Leaving a legacy that was larger than life, Dr. Kenneth E. White, superintendent emeritus of the Mission CISD, peacefully passed away in his sleep Sunday, June 8, at his home in Grapevine.
Services are scheduled for Friday, June 13, at 10 a.m. at Palm Valley Church in Mission. Burial will follow at Valley Memorial Gardens under the direction of Ric Brown Family Funeral Home.
Dr. White served Mission Consolidated Independent School District as its superintendent for 23 years, longer than any other individual. He was granted the emeritus status by the school board at the time of his retirement in June 1988. They also honored him that year by naming a new junior high after him.
Former Superintendent Ralph Cantu, worked with Dr. White for numerous years, as he came up through the ranks in the district.
“He was probably the most unique individual I have ever known, and, besides my parents, was probably the most influential person in my life,” Cantu said.
“Watching him, and being part of his team, I saw what hard work can accomplish and what having a respect for people—all people, regardless of their status—could do. He treated all people the same way with respect and kindness. The staff respected him because he respected everyone—whether it was the maintenance man or a member of the board. He never changed from that belief system.”
Cantu said Dr. White used the same work and lead-by-example ethics in his varied capacities, whether he was preparing for a committee meeting locally or making a presentation at the state level.
“He prepared for everything as if it was the most important endeavor,” Cantu said. “I would watch him plan, organize and prepare. He set the example as to how you’re supposed to carry out your responsibilities—and then he gave you the opportunity to carry out your responsibilities and trusted you to do your job.”
Dr. White’s legacy isn’t evidenced in the number of years he served, but in the district’s growth and achievements reached during his tenure.
The district grew from eight campuses to 12 by the time he retired with student enrollment more than doubling from 4,000 to 10,000. Accordingly, staff mushroomed to meet the demands and went from 200 to 1,130. That growth included the district consolidating with the Alton school district. Dr. White felt that the children of that community could be better served under the larger umbrella of educational opportunities.
Growth wasn’t just about numbers of students and campuses to Dr. White. He stayed focused on the bigger picture: instructional programs, recognition by accrediting agencies, policy development and professional development programs.
Over that time, the district instituted preschool classes, increased vocational offerings through building programs, began a Plan A Special Education Program, instituted a bilingual program at all elementary schools and started a Pre-K4 pilot program. Elementary Learning Resource Centers were established at all schools while Gifted and Talented and Computer Assisted Instruction programs were initiated at all elementary schools.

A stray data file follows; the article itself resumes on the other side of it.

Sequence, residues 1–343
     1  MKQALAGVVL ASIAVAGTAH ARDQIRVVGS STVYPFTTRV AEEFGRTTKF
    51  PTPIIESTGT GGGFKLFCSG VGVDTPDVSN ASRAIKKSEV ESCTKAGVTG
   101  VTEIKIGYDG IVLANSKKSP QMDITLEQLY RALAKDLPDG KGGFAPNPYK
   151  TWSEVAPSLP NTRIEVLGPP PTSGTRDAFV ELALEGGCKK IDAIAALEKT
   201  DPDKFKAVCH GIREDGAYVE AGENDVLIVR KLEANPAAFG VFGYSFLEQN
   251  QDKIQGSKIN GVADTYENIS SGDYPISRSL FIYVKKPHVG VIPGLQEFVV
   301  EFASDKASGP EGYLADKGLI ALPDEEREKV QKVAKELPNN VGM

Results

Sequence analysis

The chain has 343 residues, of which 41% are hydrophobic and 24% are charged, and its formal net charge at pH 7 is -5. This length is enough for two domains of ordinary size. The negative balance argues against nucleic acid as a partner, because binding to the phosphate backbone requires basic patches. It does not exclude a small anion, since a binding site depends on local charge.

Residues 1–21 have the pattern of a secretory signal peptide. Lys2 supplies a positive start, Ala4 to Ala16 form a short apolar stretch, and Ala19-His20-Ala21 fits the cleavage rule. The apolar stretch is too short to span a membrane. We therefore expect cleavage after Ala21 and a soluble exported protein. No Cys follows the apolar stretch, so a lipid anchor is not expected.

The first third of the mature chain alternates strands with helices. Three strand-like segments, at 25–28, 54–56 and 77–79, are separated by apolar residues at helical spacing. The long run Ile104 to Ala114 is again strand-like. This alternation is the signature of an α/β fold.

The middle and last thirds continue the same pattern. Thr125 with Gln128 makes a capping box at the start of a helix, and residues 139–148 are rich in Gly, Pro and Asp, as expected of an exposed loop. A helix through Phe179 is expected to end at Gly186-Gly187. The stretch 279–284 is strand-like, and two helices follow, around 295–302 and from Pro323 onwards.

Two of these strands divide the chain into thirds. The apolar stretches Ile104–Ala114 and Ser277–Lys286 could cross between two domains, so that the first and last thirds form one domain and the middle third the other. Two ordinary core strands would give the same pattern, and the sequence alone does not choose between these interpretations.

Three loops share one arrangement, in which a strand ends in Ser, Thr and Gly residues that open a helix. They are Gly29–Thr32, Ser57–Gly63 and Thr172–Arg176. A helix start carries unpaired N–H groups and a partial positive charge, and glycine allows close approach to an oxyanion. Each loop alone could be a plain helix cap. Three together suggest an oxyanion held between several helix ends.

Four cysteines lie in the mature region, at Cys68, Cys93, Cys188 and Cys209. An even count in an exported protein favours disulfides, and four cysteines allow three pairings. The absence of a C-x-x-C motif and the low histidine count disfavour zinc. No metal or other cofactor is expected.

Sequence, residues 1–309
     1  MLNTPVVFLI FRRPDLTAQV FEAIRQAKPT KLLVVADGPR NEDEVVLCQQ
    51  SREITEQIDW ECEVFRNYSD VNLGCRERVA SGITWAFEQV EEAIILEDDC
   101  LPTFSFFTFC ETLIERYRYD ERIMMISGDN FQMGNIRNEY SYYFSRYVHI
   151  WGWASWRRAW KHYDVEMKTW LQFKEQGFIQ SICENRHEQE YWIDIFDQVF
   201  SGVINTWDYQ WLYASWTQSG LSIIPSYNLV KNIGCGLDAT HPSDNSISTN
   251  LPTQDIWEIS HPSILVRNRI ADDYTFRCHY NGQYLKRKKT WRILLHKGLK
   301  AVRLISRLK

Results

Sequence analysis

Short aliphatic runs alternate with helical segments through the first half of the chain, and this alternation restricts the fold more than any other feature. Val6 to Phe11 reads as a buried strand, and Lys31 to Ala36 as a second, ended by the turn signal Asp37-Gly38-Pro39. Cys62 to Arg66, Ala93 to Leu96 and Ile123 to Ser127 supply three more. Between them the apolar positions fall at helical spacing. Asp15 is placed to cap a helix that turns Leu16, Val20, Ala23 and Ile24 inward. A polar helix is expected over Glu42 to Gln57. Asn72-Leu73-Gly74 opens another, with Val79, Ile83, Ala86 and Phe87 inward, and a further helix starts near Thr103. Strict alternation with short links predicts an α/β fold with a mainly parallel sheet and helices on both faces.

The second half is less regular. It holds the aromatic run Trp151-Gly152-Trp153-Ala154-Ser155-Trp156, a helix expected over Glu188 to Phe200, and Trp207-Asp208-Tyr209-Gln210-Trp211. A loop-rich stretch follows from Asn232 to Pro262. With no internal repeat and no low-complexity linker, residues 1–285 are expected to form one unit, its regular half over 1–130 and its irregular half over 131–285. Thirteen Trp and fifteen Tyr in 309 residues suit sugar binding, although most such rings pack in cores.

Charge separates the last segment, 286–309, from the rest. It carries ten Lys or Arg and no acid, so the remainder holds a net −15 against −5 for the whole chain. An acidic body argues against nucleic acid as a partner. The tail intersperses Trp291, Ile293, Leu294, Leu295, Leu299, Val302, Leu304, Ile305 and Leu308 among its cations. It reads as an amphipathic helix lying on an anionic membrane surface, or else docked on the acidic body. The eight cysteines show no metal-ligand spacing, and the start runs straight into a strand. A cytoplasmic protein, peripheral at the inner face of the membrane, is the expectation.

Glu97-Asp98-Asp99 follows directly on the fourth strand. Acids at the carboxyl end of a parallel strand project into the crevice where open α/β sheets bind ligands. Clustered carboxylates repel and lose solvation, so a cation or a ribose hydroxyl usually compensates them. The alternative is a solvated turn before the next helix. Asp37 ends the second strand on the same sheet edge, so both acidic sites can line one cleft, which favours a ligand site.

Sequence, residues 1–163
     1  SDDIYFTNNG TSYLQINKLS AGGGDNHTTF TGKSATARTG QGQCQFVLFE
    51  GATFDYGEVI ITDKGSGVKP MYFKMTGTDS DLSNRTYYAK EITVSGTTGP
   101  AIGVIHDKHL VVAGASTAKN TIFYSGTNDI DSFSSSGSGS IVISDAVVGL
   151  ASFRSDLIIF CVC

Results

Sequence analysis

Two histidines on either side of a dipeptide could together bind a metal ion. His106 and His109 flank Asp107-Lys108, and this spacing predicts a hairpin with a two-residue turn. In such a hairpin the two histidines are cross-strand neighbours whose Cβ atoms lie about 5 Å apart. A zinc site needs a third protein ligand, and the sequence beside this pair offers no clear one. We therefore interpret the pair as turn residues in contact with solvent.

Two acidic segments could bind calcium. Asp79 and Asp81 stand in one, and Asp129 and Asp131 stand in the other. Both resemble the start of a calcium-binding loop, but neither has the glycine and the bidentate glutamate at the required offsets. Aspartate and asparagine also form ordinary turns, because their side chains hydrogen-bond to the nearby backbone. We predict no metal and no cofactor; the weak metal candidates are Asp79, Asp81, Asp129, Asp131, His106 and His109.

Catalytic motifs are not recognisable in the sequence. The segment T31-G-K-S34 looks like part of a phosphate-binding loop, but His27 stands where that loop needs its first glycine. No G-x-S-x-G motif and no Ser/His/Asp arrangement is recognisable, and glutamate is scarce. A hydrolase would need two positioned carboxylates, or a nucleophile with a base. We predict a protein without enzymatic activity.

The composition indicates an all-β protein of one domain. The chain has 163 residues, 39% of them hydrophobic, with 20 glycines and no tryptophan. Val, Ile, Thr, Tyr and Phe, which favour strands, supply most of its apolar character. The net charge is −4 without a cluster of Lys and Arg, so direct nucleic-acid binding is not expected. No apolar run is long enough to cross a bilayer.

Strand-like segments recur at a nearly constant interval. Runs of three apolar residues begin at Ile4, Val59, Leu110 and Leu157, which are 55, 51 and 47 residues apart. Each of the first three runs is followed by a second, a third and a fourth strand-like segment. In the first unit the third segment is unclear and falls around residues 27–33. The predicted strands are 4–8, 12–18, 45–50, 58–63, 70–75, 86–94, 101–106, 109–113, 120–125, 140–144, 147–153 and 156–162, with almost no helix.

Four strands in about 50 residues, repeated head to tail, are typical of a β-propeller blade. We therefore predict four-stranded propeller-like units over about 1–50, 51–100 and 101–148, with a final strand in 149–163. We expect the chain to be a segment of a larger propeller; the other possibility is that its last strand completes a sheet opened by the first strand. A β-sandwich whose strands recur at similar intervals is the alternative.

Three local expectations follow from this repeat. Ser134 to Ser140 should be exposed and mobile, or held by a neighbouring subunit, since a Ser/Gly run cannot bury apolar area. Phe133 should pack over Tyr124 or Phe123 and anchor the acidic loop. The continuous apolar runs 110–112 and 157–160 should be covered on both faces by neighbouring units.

Born in Bochico, Okla. on Jan. 13, 1927, his family moved to Raymondville when he was six months old. He graduated from Raymondville schools in 1944, and served in the U.S. Army in the European Theater of Operations.
Dr. White went on to graduate from Texas A&I University with his bachelor’s and master’s degrees in 1950 and completed his doctorate in 1973 from Western Colorado University. But, he never stopped learning as he continually pursued additional graduate work up to 1980.
He began his educational career in 1950 as a vocational agriculture teacher at San Benito High School where he was later appointed as the assistant principal. In 1959, he was hired as the Mission High School principal, and he continued there until 1965. That was the year he was selected as Mission’s new superintendent.
Dr. White belonged to numerous professional organizations locally, regionally, at the state level and nationally. He was also appointed to numerous professional committees, commissions and study groups throughout his career.
But, his civic involvement and achievements were as lengthy as the ones in his professional life.
A member of First Baptist Church, he served as the building and budget chairman. He was an officer in the Mission Rotary Club and served on the board and as president of the Mission Chamber of Commerce.
He worked on the boards of numerous organizations as a member and as an officer in some: Mission Industrial Foundation, Mission Hospital, Mission Hospital Foundation, COSTEP, Regional High School of Technology, United Way, Hidalgo Mental Health-Mental Retardation, Hidalgo County Bar Association Grievance Committee and others.
Due to this extensive service, he received numerous awards along the way, including Mission’s Man of the Year in 1962 and Mr. Mission in 1988. He received the Rotary Club Paul Harris Fellow in 1981; ATPE Administrator of the Year Award, 1984; Administrator Distinguished Service Award, Area 11, 1984; and Texas Education Agency Leadership Award in 1984.
When retirement came in 1988, “stop” was a foreign concept to him. His service to the district, and his concern for children, did not diminish. He began and maintained a tree nursery for the district where he personally worked to beautify the campuses by planting trees and flowers on the grounds.
His view of serving children spanned across international boundaries when he began regularly working to improve conditions at an orphanage near Victoria, Tamps., Mexico.
Dr. White leaves behind his wife of 64 years, Helen Baird White of Grapevine; daughters, Debra (Ike) Fuller of Austin and Dee (Richard) Mullinax of Colleyville; and four grandchildren, Chamen Fuller, Caley Fuller, Kate Mullinax and Rebecca Mullinax.
Few people have left an indelible mark on their community. Dr. White’s is an entire autobiography worthy of emulation that has touched multiple generations.